As law schools continue to grapple with issues of relevance in the changing educational landscape, those who work for these institutions have taken to considering the raison d’etre of law school in general. One professor at Michigan Law has opined that going to law school is about more than mere professional training. It is his opinion that law school equips its graduates with “tools of inquiry” that can help law students lead “a richer and more meaningful life.”
Beyond what appears to be ivory tower intellectualism, I actually tend to agree with the professor. Law school isn’t just about learning the mechanics of lawyering. Law school is about learning to think in a particular way about problems and issues. More than any other intellectual pursuit in my life, law school taught me to explore the reasons for, motivations for, and possible outcomes of different courses of action.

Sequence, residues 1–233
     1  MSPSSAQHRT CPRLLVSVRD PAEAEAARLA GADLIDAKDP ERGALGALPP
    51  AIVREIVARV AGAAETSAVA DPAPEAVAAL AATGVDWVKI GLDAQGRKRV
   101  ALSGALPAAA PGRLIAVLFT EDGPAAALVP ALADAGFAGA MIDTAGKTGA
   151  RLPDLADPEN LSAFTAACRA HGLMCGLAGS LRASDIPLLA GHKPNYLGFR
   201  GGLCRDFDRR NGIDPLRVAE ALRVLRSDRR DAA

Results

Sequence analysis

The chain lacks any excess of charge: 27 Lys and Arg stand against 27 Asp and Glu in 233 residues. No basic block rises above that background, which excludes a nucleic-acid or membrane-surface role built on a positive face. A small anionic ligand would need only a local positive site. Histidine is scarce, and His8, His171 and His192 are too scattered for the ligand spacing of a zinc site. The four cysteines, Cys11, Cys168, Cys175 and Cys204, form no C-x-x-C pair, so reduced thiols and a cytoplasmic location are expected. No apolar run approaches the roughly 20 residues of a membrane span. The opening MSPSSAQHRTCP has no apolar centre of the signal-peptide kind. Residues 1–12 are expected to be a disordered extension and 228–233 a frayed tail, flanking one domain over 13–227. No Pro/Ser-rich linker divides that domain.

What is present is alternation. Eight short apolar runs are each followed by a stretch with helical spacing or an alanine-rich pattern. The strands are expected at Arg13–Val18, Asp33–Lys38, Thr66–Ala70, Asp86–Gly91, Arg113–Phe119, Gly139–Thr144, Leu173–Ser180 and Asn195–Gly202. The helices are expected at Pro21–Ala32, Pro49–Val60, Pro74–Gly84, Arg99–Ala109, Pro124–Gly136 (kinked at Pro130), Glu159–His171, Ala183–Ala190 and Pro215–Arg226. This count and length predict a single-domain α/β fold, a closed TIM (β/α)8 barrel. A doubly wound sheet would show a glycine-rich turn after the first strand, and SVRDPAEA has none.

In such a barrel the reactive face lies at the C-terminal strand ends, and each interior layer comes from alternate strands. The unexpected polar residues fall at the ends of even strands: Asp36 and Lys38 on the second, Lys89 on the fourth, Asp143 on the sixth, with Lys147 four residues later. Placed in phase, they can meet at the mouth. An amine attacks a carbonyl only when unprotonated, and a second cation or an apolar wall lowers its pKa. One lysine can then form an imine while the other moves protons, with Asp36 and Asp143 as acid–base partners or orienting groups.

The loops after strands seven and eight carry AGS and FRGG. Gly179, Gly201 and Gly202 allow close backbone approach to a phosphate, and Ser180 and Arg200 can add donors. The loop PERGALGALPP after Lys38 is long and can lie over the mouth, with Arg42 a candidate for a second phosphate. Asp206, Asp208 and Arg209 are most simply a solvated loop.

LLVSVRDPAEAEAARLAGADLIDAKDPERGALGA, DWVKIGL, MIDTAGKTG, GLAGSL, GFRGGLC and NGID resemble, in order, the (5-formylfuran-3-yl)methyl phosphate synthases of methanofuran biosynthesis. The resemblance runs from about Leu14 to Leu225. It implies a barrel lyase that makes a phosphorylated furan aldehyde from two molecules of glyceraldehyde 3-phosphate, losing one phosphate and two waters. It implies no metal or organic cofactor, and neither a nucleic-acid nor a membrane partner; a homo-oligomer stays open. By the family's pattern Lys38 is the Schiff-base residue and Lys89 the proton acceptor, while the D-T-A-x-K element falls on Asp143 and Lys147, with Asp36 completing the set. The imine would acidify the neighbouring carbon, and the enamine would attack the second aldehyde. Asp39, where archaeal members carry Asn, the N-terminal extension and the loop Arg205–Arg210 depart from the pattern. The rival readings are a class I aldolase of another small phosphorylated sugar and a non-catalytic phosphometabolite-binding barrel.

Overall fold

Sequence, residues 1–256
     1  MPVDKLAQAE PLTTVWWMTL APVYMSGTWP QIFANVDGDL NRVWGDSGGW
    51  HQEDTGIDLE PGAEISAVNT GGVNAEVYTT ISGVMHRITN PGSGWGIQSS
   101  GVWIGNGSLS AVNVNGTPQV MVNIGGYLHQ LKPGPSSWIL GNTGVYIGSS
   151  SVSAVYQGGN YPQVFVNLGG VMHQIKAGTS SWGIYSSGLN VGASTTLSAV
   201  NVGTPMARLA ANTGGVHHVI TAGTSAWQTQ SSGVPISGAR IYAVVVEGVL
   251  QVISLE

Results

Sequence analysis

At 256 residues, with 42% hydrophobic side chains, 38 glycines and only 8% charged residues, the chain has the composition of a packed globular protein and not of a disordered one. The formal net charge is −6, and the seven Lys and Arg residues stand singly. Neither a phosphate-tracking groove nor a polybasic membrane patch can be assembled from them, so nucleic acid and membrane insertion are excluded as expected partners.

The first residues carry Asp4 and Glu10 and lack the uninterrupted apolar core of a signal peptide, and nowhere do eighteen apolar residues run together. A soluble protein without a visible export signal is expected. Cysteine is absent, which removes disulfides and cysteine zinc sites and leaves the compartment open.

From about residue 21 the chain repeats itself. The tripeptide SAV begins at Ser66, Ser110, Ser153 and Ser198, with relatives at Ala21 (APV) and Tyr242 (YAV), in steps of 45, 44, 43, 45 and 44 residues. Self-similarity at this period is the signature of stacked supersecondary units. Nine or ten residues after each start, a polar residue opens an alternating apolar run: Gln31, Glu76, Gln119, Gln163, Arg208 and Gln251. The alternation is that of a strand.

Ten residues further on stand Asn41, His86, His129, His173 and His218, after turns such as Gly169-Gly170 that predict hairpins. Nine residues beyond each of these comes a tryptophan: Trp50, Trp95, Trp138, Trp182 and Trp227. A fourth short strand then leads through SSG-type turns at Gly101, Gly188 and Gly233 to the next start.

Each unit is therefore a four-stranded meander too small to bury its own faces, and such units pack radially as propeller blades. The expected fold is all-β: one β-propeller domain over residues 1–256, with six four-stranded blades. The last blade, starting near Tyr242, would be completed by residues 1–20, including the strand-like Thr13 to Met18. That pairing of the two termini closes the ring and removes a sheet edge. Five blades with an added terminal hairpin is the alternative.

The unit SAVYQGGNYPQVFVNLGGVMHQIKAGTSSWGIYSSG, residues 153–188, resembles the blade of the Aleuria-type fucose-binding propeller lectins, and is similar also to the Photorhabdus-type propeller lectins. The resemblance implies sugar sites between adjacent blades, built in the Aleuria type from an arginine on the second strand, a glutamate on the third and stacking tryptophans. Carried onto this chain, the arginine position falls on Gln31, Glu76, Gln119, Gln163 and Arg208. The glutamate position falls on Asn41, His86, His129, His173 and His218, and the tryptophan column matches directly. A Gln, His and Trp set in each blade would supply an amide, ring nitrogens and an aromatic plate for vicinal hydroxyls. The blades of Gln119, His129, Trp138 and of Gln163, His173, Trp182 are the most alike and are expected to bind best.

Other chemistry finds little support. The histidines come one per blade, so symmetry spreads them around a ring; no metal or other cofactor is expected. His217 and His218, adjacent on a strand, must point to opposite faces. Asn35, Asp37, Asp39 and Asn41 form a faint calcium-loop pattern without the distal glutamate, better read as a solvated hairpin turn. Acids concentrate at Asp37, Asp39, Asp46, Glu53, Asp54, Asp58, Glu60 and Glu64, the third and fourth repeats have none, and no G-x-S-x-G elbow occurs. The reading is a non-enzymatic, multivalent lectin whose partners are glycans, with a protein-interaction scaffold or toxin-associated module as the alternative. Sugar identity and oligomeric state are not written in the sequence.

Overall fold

Law school also gives the law student a different lens through which to view the world. The decisions and assumptions you make become colored by their potential legal consequences.
Torts class teaches you to consider what the world expects of you when dealing with other people.
Contracts class teaches you what certain parts of the bargaining process tell us about the intentions of the parties doing the bargaining. Contracts class also teaches you the importance of making your desires and intentions explicit when agreeing to anything.
These classes also teach you how the law views the world and what it assumes of the people therein. In doing so, law school gives you several different ways to examine life and its goings-on. And that can’t be a bad thing.